Congressman Mike Turner (OH-10) wrote today to Dayton Mayor Nan Whaley supporting a ceremonial washing of Courthouse Square the day after an outside hate group intends to rally there in May.
“These vile hate groups have no place in our community,” said Turner. “We should not have one eye see or one ear hear this outside group’s hateful message. In order to ensure the safety of our community, I encourage Mayor Whaley to work with me and other local leaders to hold a ceremonial washing of Courthouse Square the day after this hate group’s rally. The Dayton region must remain a unified community of peace.”
While Turner served as Mayor of Dayton in 1994, a similar hate group rallied in Courthouse Square. The next day, Turner, with Jesse Gooding, held a peaceful ceremonial washing of Courthouse Square.
The full text of the letter is below:
“I write to urge caution as you look to plan any counter event on May 25, the same day a hate group from outside our community intends to hold a rally at Montgomery County’s Courthouse Square. While we should take every opportunity to unequivocally condemn these hate groups, I am sure you share my view that everyone should be discouraged from being anywhere near Courthouse Square on that day. Our community should not have one eye see or one ear hear this outside group’s hateful message.
As you know, during my first term as mayor in March of 1994, while Bill Clinton served as our President, around a dozen Ku Klux Klan members held a rally at Courthouse Square. Upon the advice of Jesse Gooding, the President of the Dayton NAACP, the next day we held a larger ceremonial washing of the Square to reclaim the space and wash away the hate. More than 500 people gathered together to condemn hate and hate groups. The event was accompanied by prayers for the community.
Just a year later, the Dayton Peace Accords put an end to the Bosnian war. We are a community with a legacy of peace and should take every opportunity to embrace that heritage. Let us not risk public safety or give any opportunity for these hate groups to cause violence in our community.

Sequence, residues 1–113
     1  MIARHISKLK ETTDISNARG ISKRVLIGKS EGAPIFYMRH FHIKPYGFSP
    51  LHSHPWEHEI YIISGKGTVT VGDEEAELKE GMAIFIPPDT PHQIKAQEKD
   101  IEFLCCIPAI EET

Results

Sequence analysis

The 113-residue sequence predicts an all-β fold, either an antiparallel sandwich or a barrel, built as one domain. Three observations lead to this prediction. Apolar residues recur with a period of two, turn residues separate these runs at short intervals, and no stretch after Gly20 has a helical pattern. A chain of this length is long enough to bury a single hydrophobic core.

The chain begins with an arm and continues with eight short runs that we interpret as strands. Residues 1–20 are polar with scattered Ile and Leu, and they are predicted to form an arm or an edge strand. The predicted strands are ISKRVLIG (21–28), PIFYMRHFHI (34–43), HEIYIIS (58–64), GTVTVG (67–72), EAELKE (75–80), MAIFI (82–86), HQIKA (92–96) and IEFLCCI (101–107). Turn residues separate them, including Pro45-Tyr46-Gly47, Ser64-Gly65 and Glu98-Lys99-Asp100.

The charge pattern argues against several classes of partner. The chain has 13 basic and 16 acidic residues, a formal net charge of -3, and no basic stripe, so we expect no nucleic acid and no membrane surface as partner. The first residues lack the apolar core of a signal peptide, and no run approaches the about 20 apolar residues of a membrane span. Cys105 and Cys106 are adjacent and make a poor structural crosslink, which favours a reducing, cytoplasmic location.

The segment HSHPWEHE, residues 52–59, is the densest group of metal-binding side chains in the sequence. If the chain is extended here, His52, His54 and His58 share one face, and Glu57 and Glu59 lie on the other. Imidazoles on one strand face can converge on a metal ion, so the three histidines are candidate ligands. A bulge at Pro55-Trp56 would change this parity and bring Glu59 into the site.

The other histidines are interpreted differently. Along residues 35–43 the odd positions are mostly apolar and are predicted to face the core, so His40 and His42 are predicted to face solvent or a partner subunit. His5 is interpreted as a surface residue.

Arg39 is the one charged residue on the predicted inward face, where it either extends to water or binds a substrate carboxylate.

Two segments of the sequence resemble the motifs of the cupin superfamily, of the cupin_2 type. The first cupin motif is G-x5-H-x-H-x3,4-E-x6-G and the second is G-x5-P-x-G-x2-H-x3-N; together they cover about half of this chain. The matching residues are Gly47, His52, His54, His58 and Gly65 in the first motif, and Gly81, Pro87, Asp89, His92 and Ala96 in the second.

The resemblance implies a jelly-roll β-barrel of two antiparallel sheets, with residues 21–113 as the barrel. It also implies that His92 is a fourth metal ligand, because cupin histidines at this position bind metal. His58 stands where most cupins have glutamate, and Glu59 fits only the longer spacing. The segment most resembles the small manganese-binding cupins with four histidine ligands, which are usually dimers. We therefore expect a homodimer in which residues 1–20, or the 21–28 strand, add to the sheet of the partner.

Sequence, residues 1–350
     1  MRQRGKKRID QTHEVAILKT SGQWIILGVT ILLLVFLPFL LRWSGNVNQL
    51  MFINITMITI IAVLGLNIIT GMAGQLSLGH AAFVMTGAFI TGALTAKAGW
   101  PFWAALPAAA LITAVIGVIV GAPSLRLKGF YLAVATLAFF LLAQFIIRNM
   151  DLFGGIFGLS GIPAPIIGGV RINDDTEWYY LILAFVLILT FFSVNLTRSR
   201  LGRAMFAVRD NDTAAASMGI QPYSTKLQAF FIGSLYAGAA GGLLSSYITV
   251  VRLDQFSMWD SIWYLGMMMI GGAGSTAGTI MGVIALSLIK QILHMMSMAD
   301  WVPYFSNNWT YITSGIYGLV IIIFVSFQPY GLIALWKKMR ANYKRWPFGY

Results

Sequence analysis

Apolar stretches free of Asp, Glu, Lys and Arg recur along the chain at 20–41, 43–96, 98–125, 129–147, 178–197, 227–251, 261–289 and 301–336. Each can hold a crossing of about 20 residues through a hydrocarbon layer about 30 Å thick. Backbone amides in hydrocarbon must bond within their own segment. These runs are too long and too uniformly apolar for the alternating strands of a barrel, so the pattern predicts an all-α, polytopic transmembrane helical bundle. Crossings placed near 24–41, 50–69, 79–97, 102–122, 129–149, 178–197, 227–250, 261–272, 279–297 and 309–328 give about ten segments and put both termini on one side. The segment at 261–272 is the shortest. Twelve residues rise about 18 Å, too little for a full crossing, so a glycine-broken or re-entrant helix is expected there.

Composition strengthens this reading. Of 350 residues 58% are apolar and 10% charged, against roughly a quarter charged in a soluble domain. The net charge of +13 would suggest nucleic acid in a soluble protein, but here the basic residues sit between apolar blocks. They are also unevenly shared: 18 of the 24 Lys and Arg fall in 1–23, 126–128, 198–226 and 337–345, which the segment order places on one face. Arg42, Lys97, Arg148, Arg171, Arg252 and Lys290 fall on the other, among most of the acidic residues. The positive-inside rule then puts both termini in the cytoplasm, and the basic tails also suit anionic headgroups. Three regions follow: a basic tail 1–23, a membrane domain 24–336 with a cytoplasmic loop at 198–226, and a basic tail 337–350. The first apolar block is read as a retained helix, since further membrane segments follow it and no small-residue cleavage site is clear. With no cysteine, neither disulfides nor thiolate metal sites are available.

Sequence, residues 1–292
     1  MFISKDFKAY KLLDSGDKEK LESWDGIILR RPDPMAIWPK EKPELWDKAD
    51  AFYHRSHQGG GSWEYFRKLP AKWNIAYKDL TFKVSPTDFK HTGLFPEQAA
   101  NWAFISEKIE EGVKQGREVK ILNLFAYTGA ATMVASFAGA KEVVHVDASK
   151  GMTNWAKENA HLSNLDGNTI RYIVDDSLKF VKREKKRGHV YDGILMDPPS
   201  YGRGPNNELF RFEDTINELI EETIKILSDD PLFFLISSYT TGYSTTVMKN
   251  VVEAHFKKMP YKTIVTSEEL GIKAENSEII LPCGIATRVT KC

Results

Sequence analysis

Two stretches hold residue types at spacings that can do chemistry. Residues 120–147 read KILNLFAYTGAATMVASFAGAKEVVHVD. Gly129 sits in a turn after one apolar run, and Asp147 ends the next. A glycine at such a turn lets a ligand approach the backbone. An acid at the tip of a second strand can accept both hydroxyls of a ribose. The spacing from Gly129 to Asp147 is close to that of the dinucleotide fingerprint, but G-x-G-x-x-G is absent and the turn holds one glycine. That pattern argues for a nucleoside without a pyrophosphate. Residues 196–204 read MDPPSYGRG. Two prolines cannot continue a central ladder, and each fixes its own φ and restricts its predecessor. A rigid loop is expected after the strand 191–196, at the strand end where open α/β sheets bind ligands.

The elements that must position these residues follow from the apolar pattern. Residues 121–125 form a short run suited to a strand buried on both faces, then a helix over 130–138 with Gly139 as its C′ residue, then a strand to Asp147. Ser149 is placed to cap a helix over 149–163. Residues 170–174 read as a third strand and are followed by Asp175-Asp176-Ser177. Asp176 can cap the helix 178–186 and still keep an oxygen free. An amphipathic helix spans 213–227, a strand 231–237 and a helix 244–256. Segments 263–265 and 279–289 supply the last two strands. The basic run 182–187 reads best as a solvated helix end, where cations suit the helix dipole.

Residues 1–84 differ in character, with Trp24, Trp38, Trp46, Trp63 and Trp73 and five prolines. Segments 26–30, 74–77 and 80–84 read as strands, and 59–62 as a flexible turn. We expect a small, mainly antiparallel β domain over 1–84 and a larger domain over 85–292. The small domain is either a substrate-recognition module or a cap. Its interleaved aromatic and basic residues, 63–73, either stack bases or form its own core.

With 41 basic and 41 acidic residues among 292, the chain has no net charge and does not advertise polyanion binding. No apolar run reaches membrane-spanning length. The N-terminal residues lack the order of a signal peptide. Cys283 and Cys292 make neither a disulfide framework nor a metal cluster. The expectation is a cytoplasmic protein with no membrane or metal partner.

The tragic and fatal events surrounding the rally in Charlottesville should not be forgotten. In Dayton, our past experience teaches us that ignoring the hate group’s event and holding a counter event embracing our diversity as a community the next day diminished the attention the hate group sought and kept the community safe. We do not want to give a stronger voice or greater publicity to these vile hate groups.
We should work to bring the entire community together the day after the hate rally for a peaceful symbolic ceremony, as we did in 1994. We know from our past experience that this unifying approach works. I have consulted with Montgomery County Commissioner Debbie Lieberman, who supports the idea of a next day Courthouse Square washing event and similarly is concerned post-Charlottesville that a same day event could be a target for violence.
For the safety of our community, I again urge caution against organizing any events on the same day as this hate rally. There is a better solution, one that embraces Dayton’s history as a beacon of peace and represent who we are as Daytonians. The Dayton region must remain a unified community of peace.”